A book-lover departs
As if life wasn’t feeling precarious enough at present, one day all your prized possessions will become future charity shop finds. The latest reminder that life is impermanent comes from The Boston Globe in an article which details the difficult aftermath of the death of one New England book-lover.
…three months after his death, Kaledin and their children are left with a conundrum that families of bibliophiles are increasingly facing: what to do with the hundreds of books that help tell their life story.
In this region of intellectuals, used bookstores find themselves inundated with calls as more baby boomers die and others downsize. At the same time, many libraries have faced budget cuts that make them unable to accept the extra stock, and the Internet has rendered many reference books useless.
So families face a difficult and exhausting time finding new homes for beloved book collections.
‘It’s tremendously upsetting to me,’ said Jonathan Kaledin of the prospect that his father’s book collection would be divided up — or worse.
Perhaps there is an added poignancy in that these are not mere airport-purchased paperbacks, the Dan Browns or Agatha Christies, ubiquitous in all charity shops, but the lovingly – if often haphazardly – compiled collection of a true bibliophile. Unfortunately, he compounded the difficulty for his heirs by dying in the North East of the USA, where bookshops are being overwhelmed with similar collections, even as libraries are reducing their own catalogues.
Look at your own shelves. Gaze upon your most prized possessions and wonder, who will want them when you’re gone?
I should add a pre-emptive apology to my own heir(s) for the boxes and boxes and boxes of books they are going to have to contend with, hopefully on a day far off from today. Many of which are themselves second- or third- or many more-hand purchases. There are few things more lovely than picking up a vintage volume – at a charity shop or a library’s excess stock sale – and discovering a fading inscription written in that beautiful copperplate that few people born after the second half of the 20th Century can master. But, as the article notes, with the baby boomers beginning to shuffle off this mortal coil, will later generations know the joy of future charity shop finds and will they possess the shelf space – as well as the inclination – to store these hefty collections?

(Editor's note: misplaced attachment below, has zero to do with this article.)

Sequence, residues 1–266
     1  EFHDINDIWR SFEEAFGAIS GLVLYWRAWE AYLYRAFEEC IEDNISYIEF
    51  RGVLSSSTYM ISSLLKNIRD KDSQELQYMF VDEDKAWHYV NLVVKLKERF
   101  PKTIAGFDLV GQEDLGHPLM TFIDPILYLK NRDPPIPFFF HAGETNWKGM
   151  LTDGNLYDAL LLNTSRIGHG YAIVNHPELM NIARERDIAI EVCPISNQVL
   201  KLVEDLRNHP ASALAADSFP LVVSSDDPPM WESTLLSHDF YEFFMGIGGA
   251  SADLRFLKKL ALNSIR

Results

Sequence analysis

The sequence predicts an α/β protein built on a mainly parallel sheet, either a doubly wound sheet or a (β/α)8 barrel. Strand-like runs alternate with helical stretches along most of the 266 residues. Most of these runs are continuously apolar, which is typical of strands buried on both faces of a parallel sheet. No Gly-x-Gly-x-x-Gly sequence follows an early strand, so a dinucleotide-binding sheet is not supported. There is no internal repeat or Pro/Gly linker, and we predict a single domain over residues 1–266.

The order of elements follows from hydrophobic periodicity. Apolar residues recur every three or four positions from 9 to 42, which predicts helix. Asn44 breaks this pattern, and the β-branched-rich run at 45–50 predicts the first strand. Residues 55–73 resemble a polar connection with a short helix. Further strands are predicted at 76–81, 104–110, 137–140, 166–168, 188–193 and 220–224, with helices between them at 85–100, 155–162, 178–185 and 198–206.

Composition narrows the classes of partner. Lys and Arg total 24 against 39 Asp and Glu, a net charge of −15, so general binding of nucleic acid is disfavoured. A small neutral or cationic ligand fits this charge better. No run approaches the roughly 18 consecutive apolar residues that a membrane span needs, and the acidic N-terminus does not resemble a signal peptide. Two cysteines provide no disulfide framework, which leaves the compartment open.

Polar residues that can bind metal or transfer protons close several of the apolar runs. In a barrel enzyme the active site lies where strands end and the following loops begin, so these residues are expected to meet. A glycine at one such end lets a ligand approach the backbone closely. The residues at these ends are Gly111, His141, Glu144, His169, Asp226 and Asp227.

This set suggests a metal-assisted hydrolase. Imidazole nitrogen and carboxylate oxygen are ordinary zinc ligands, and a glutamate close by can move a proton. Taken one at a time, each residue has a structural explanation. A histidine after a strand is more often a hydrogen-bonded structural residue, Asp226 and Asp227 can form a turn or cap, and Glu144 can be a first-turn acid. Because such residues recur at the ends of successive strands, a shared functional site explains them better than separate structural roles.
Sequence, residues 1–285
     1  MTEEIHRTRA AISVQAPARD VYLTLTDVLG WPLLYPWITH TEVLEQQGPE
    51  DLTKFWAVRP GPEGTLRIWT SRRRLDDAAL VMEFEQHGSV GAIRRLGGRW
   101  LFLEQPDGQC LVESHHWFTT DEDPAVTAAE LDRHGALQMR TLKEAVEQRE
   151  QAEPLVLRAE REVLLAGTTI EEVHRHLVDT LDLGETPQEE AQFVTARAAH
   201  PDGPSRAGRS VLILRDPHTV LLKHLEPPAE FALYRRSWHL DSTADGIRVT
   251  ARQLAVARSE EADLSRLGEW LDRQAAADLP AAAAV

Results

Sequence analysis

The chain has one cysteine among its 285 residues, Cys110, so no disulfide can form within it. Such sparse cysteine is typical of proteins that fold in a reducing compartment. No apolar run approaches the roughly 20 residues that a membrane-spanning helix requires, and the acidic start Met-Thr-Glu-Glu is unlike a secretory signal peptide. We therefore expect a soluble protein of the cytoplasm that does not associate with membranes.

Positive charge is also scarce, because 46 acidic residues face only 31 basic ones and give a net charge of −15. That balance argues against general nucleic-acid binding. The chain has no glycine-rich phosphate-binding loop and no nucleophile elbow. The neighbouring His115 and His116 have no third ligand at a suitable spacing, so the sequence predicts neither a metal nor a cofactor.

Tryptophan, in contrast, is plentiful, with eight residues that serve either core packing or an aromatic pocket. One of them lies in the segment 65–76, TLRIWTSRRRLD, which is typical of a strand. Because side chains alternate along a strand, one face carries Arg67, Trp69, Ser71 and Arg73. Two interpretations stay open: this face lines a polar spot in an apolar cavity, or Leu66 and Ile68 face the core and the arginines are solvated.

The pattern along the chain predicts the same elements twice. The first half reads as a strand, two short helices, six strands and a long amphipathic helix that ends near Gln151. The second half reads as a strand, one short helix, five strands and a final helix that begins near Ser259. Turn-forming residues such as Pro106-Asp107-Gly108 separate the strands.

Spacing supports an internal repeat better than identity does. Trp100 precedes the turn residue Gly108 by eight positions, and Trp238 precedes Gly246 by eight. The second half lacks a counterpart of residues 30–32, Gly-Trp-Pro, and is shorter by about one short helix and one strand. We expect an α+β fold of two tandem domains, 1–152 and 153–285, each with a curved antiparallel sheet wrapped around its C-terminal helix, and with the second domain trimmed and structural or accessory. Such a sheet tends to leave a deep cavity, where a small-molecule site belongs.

One answer could be to buy fewer new hard-copy books. While much has been written about e-readers, they certainly look to be an accompaniment to, not a replacement for, ‘real books.’ For things that are likely to be read once or for holiday reads, the machines present advantages to the wannabe minimalist. On the other side of the coin, the solution is to buy more, but choose more wisely. There are books that should be bought and cherished: favourites we return to again and again, old Penguins, editions with particularly beautiful covers, signed copies, coffee table tomes. That list should be enough to fill a few bookcases. Then everything else can be read and passed on, either to friends and acquaintances or via a ‘little library’ or similar social sharing scheme. Keeping books flowing and moving, not gathering dust and thus avoiding burdening family members with too much additional work when the end comes:
The task of finding a home for the collection became complicated by family dynamics — Kaledin’s three children are involved and not everyone agrees on what to do with the books. All the while, the family is grieving and dealing with the other duties that come when someone dies.
Their son, Jonathan, preferred that the entire collection remain together.
“I know he would have loved to have seen it kept intact,” [he] said.
At the end of the day, we do not own our books, we merely look after them for future readers, regardless of how they discover our once new and uncracked-of-spine volumes. Hopefully our descendants can take some comfort in passing on that enjoyment to another bookworm.